Me M7 Oligopoly


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Me M7 Oligopoly

  1. 1. OLIGOPOLY ME – M7
  2. 2. OLIGOPOLY <ul><li>Baumol describes Oligopoly as an industry with small number of large firms producing the bulk of its output . </li></ul>
  3. 3. Oligopoly <ul><li>Main features: </li></ul><ul><li>Sellers are few in number. </li></ul><ul><li>Increase or decrease of anyone’s output will appreciably affect the market price. </li></ul><ul><li>Each seller knows his competitors individually in each market.   </li></ul><ul><li>Each oligopolist realizes that any change in his price and advertising policy may lead rivals to change their policies. The smaller the number of firms, the more interdependent are their policies. The reactions of rivals will be immediate and strong and therefore, tendencies to close collaboration in price determination are apt to appear. </li></ul><ul><li>  </li></ul>
  4. 4. Oligopoly <ul><li>Foundations of Oligopoly :  </li></ul><ul><li>Absolute cost advantages due to control of strategic supplies or due to patented production techniques. </li></ul><ul><li>Advantages resulting from product differentiation and consumer loyalty to established brands/products. </li></ul><ul><li>Economies of scale that make it difficult for newcomers to finance the large size firms capable of producing at low costs. </li></ul><ul><li>Restriction on entry of new firms exercised by he existing firms. </li></ul><ul><li>Restrictions imposed by the State on entry of new firms.   </li></ul><ul><li>In Oligopoly, the emphasis is on barriers to entry, market collusion and other practices that ensure high profits for the few sellers. Competition is imperfect because of the control of the market rather than the presence of unique products. </li></ul><ul><li>  </li></ul>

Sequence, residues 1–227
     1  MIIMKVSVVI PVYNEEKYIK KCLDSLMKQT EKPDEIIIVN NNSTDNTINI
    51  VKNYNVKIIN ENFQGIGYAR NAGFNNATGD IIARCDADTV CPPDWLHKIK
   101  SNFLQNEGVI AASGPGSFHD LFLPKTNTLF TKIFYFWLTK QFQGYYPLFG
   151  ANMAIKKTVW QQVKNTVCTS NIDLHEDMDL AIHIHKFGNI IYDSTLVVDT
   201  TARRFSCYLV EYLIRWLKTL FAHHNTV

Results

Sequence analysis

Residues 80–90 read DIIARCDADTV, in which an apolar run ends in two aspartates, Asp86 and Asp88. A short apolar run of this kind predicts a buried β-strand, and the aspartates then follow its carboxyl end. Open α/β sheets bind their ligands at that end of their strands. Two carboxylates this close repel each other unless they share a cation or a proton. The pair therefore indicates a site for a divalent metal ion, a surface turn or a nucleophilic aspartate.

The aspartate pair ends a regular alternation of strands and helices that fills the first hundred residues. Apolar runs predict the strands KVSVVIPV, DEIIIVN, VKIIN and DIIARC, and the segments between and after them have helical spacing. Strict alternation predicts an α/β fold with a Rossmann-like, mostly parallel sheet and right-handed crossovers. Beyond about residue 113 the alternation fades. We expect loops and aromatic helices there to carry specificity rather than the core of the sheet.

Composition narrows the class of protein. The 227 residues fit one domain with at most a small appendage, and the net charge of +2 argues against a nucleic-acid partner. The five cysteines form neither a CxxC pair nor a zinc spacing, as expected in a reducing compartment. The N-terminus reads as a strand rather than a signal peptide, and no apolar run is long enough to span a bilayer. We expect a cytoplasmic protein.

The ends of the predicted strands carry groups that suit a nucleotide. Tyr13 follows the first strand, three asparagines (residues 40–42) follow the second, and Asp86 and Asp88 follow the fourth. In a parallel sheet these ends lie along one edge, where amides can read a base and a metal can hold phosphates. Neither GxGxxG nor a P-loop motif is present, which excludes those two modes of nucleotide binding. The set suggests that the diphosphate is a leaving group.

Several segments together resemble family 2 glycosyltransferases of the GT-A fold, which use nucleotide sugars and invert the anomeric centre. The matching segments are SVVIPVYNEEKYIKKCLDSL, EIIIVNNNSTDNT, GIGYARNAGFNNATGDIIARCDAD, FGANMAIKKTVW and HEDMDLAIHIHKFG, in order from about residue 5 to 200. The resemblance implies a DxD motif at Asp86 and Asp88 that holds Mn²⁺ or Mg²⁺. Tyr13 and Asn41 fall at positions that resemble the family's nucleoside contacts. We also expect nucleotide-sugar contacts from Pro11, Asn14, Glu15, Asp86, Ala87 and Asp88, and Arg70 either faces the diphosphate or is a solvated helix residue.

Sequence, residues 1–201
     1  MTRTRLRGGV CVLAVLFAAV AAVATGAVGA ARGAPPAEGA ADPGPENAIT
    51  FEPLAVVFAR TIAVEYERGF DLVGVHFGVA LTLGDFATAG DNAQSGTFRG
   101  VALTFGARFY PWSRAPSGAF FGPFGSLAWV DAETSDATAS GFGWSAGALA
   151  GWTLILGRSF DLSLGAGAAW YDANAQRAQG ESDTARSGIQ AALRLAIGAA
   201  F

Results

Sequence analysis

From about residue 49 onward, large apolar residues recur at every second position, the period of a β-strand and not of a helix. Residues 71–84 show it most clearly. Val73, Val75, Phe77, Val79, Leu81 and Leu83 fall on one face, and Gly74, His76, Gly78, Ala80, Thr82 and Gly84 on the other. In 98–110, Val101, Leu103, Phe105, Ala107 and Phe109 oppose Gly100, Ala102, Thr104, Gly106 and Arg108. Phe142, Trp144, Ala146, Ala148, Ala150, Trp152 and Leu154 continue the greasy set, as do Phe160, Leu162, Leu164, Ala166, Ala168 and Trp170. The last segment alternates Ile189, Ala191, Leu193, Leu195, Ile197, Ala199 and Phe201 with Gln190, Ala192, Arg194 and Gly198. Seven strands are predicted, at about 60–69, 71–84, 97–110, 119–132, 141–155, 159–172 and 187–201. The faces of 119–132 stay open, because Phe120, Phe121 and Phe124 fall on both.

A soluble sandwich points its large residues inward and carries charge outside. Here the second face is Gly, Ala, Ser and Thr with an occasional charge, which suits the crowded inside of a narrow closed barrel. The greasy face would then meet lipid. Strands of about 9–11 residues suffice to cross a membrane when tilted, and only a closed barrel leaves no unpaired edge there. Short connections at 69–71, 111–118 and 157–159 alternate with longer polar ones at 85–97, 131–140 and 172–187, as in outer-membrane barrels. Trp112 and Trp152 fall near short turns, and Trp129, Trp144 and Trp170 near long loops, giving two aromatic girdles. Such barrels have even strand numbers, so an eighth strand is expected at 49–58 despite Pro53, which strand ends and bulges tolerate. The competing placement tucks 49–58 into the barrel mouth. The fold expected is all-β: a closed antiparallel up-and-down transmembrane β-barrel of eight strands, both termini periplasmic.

5. 5. Oligopoly <ul><li>Kinked Demand Curve in Oligopoly : </li></ul><ul><li>A kinked demand curve is said to occur when there is a sudden change in the slope of the demand curve; this gives rise to a kink, that is, sharp corner in the demand curve. We would get such a curve in an Oligopoly, when it is assumed that the rivals will lower their prices when the oligopolist lowers his own price but that rivals will not raise their prices when the oligopolist raises his price. </li></ul>
  6. 6. Oligopoly, Kinked Demand Curve and Price Rigidity <ul><ul><ul><ul><ul><li>D </li></ul></ul></ul></ul></ul>Price change unmatched Price change matched d d’ D’ K Quantity Price
  7. 7. Kinked Demand Curve in Oligopoly <ul><li>The point K in the diagram represents the firm’s current price quantity combination. </li></ul><ul><li>Now, if the Oligopolist changes the price, the rivals’ reactions are likely to be as follows:- </li></ul><ul><li>(a) Reaction to price reduction: If the oligopolist reduces his price, his rivals will experience a drain on their customers and consequently will match this price cust by reducing their own prices. The ultimate result will be that there will not be a significant increase in the sales of the oligopolist, for downward price movements from point K, the relevant portion of the Oligopolist demand curve will be the segment KD. </li></ul>